The airlines are screaming that they're going broke. Flights must resume or else we're all doomed! The volcano pays no heed. Sunday comes. Lucky you, it turns out your Air France flight will be the very first flight into Paris since mount whatsitsname began to hurl.

Do you take the flight?


Do you take the flight?

Probably yes.

Reasoning: it's a Boeing 777ER wide-body, and it's going to be full (350+ passengers). Cost of airliner: $200M. Civil liability if they total it and kill everyone: well over $500M. Cost of adverse publicity: priceless. Coming on top of the existing losses from the volcano, it'd literally kill Air France.

So they will not fly that plane into Paris CDG unless they're sure it'll land safely in front of the TV cameras.

But that's not going to happen.


Well, the reason we had 30 hours' notice that our flight home was cancelled is that AF knew they couldn't fly it, because the aircraft hadn't arrived in Japan, because it was grounded somewhere else. Before they start flying wide-bodies in from the pacific rim, they'll be moving smaller stuff around and then sending wide-bodies out, and then getting wide-bodies back from places like New York (where passengers are also stranded). That 777 I'm booked on might be the first flight back to Paris from Tokyo, but it certainly won't be the first flight into Paris after they re-open the airport.


Ian: acute stress and creativity do not, in my personal experience, play well together.

That is: if I'm stressed to fuck by, for example, being stranded on the wrong side of the planet, I am much more likely to sit gibbering in a corner than to start writing.

(I have occasionally written through stress, but it tended to be chronic stress, and it doesn't often work for me; "Lobsters" was an exception and happened after the immediate stress was relieved.)


Still banned for Choice-Theft in the First Degree (not to die in a badly maintained boltbucket) ;)


The best source of information seems to be here:

The latest chart as of this post says that the erruption has "virtually ceased". It also shows just how far the clouds have spread, and predictions to 0600 GMT on Tuesday 20th. Note that the clouds are getting close to North America.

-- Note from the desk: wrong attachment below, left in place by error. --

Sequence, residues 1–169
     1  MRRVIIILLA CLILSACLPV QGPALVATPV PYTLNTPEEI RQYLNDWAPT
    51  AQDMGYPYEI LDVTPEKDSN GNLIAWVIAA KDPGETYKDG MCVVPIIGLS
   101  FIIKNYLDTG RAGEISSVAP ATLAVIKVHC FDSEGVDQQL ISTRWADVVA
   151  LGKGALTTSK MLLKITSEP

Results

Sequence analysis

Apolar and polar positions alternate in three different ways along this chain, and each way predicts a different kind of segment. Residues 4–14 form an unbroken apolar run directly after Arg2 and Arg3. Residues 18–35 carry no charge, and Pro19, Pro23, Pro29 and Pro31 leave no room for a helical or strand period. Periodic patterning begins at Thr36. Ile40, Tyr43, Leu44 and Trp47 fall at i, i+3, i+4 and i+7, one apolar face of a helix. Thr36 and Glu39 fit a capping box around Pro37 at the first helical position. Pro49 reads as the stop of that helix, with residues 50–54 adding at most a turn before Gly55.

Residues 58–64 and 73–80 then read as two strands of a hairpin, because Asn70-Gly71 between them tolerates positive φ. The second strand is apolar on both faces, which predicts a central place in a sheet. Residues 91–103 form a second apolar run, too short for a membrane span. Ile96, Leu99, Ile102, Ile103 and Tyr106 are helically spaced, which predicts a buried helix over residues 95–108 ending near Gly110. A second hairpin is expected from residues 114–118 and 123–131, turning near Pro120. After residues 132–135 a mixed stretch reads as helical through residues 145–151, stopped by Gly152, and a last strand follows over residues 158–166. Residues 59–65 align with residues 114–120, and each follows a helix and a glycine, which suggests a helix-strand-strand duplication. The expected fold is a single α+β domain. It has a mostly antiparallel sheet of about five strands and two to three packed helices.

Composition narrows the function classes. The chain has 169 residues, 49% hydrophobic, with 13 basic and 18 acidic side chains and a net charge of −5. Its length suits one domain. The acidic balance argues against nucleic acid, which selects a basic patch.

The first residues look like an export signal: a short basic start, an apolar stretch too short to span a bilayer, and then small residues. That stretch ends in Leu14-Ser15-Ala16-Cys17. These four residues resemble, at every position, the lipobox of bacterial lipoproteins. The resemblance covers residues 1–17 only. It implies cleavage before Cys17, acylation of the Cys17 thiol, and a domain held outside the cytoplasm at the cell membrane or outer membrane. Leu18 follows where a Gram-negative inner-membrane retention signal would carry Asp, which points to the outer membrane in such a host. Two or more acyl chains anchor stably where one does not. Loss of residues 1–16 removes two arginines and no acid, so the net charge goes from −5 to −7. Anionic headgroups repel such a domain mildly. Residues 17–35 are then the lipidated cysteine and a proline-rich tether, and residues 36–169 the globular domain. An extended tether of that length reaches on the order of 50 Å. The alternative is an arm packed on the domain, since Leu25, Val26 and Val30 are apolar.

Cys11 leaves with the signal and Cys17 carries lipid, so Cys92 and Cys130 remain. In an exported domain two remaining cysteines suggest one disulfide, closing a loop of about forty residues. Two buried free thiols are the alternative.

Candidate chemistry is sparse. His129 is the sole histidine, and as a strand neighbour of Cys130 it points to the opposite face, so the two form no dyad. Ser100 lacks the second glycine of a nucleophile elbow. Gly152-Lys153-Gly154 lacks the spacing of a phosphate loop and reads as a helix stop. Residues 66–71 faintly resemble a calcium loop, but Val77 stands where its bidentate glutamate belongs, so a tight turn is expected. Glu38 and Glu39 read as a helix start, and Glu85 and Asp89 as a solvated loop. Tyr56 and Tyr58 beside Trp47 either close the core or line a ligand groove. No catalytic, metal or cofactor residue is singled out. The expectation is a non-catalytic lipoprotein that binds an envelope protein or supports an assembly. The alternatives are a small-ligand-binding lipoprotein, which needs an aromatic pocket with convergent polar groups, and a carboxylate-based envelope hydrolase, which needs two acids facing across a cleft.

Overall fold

It's multiple weeks, largely in Russia, and several kinds of visa faff, not to mention bucket loads of money to get from Tokyo to London entirely by train. I'm told there's enough English spoken to cope, but I'd not be confident of finding vegan food of sufficient nutritional usefulness in the middle of Siberia.

It is also theoretically possible to go the other way around, and I think the Chinese and Indians are probably better with vegan food than the Russians. However the visa nightmare is massive, and there are some dodgy areas safety-wise.

Either way you would end up out of range of airports (if flights become possible again) for days at a time. Which makes these things sensible propositions only if the disruption to flights is expected to continue for a very long time.

I assume that if you are stuck long enough then they will manage to route a plane some other way (there are still European airports open). Or send a boat. Or, well, something.


I can't help but think that being stranded in Tokyo is going to end up in one of his books . . . set off-world, of course.


All this talk about the Trans-Siberian and NO ONE has linked to a YouTube video of the band yet? ;-P


I've got a grown daughter teaching English to Japanese school children in Tokyo. Not available during much of the work day, but could be helpful late afternoon and evening with finding things, navigating the train system, or language issues.

Reply direct if you're interested in her contact info:


note: you can follow "AshAlerts" as well as "eurocontrol" on twitter for updates re the whole situation


Hear Ye hear ye Hot air balloons are coming back in style, just remember to get the jetsttream direction right before you ascend. Also remember to pack warm clothes and rations.

The standard jetstream travels with approx 400-800 km hour (i think), so you should be able to get from tokyo to edinbourgh in, let's say a couple of weeks.

Only drawback is the rugged terrain in Scotland. Maybe you'll have to put it down in Wales and jump on a train,but you'll probaly be happy with a train ride after spending 2 plus weeks suspended in a basket 8 km up in the air.